Narendra Modi upsets Ganga’s sons
Pramod Majhi, a leader of the striking boatmen, said the pleasure cruise down the Ganga would “directly affect” their livelihood
- Published 3.01.19, 3:00 PM
- Updated 3.01.19, 3:00 PM
- 2 mins read
Boatmen in Narendra Modi’s parliamentary constituency have gone on an indefinite strike against the Prime Minister’s initiative to start two cruise trips across the Ganga, denying tourists one of the key attractions of visiting Varanasi — a ride down the river.
Sources within the “Ganga-putra” community — or sons of the river as the boatmen are called in the holy city — said at least a million tourists may have returned disappointed since December 28, when over 1,100 boatmen went on strike.
The boatmen, whose protest entered the sixth day on January 2, have parked their motor-fitted wooden boats in a row between Dashashwamedh Ghat on one side of the river and Rajghat on the other — a distance of over 200m — blocking the movement of the cruise ship.
Pramod Majhi, a leader of the striking boatmen, said the pleasure cruise down the Ganga would “directly affect” their livelihood.
“They have installed music system and hired priests for devotees who want to conduct rituals on board. We have come to know that the tourism departments of the central government and the Uttar Pradesh government have engaged corporate groups to run these trips from 4am to 8pm and mint money,” Majhi, who is on strike at Dashashwamedh Ghat, said.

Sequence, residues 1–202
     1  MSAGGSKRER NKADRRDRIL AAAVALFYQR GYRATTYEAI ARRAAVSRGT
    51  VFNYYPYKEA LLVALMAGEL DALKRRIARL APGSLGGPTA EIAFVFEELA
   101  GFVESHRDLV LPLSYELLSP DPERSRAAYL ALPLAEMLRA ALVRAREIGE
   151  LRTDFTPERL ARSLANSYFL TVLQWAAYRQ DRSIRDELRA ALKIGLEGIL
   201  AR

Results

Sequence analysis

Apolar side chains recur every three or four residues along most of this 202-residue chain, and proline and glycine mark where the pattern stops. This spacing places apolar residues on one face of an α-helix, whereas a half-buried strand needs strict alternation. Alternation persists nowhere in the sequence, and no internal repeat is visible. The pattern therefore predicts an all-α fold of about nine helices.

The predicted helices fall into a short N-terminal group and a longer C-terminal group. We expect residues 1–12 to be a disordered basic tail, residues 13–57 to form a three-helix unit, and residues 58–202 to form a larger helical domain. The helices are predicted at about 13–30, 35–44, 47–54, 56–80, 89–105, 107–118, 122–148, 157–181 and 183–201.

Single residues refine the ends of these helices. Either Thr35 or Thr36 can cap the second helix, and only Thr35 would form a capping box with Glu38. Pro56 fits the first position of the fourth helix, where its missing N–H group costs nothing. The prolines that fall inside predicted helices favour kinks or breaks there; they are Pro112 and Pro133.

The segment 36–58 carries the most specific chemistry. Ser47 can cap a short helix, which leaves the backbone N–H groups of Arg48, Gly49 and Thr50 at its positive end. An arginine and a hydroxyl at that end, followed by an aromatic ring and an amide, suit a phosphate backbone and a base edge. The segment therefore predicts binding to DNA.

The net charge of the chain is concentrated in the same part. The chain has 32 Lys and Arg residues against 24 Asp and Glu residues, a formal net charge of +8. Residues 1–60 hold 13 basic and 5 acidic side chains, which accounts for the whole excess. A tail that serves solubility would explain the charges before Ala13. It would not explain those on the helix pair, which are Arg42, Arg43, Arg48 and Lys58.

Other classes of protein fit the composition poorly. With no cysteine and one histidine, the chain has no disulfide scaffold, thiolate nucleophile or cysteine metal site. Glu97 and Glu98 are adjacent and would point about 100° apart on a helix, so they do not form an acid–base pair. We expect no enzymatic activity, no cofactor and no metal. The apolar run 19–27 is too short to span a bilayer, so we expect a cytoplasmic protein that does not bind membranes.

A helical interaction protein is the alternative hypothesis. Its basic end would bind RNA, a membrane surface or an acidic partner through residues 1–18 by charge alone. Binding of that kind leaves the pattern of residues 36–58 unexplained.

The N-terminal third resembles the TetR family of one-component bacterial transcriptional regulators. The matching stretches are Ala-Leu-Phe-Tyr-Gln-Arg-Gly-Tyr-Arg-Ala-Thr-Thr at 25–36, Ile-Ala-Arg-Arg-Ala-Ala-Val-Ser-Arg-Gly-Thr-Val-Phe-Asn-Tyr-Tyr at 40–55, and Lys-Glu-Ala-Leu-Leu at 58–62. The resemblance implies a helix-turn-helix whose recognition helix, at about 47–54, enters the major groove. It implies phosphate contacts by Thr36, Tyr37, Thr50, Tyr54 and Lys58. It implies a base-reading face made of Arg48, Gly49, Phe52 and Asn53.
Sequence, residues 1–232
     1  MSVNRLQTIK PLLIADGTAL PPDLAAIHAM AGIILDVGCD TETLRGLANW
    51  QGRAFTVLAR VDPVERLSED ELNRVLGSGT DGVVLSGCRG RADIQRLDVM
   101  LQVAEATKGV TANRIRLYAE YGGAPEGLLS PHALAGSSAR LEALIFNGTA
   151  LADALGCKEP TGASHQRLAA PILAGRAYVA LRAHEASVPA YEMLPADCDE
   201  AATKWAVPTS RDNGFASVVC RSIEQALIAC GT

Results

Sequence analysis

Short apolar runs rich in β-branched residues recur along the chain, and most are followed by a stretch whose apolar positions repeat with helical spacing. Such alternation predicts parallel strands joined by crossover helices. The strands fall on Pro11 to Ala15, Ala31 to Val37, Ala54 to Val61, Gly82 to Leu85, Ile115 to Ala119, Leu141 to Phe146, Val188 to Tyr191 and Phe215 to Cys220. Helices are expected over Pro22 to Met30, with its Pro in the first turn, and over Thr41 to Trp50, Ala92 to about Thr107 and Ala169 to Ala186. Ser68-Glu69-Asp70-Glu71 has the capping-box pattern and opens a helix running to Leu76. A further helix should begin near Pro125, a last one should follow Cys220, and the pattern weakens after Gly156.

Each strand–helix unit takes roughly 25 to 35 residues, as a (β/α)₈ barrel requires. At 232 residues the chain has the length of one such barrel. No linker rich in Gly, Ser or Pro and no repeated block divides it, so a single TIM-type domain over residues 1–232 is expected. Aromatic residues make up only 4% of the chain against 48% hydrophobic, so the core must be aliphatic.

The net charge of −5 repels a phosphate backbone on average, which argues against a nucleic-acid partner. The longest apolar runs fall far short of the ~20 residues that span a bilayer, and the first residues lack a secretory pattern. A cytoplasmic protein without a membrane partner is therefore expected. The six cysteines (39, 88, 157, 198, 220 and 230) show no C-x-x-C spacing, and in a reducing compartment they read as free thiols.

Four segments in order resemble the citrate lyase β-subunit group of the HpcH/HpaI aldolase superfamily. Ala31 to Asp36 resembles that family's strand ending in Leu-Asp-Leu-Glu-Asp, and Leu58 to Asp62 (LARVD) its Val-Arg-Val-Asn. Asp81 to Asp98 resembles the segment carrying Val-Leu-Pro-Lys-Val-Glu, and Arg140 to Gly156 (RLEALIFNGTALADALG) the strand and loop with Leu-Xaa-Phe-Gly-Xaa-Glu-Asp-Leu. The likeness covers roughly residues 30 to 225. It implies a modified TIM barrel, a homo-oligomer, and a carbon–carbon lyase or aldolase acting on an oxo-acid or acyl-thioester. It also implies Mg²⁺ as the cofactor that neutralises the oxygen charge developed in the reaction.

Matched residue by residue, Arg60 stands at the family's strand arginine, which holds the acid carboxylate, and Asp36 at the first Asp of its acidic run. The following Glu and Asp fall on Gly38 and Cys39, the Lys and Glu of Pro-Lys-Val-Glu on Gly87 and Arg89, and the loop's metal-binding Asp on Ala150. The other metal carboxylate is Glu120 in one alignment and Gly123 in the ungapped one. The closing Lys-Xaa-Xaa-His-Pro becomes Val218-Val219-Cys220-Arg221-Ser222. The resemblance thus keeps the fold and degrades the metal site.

“Modi had promised good days for every Indian. But he is directly targeting our livelihood. Many tourists would prefer the cruise because it provides them five-star facilities.”
Before the first cruise started, Varanasi’s boatmen were the only option for tourists who hired boats from the 84 ghats on the riverbanks to see the ancient city and its Hindu shrines, including the Kashi-Vishwanath temple.
“According to our estimate, at least 10 lakh tourists returned from Varanasi in the last six days without enjoying a boat ride and seeing the magnificence of Kashi (Varanasi),” Harishchandra Bind, a boatman, said.
The first cruise — on a ship named Alaknanda — had started around a couple of months ago. The ship, which can accommodate over a hundred passengers, takes tourists every morning and evening for rides coinciding with sunrise and sunset.
The tickets cost between Rs 200 and Rs 500 — far more than the Rs 100 that the boatmen charge for a trip in their wooden vessels that can carry around 20 people at a time.
A second ship has been brought but is not operational yet. The local administration had recently said it was planning to run these luxury trips through the day.
For the past six days, however, even the Alaknanda has not plied because of the strike.
“We have been visiting Varanasi every year since 2010 and make it a point to hire a boat to see all the 84 ghats and temples on the banks of the river. This is the first time that we are returning without touching the Ganga in the middle of the river,” Shoma Basu, a tourist from Asansol in Bengal, told local reporters.
Surendra Singh, the district magistrate of Varanasi, said the administration has held several rounds of talks with the boatmen. “We are trying to find a way to resolve the deadlock,” he said.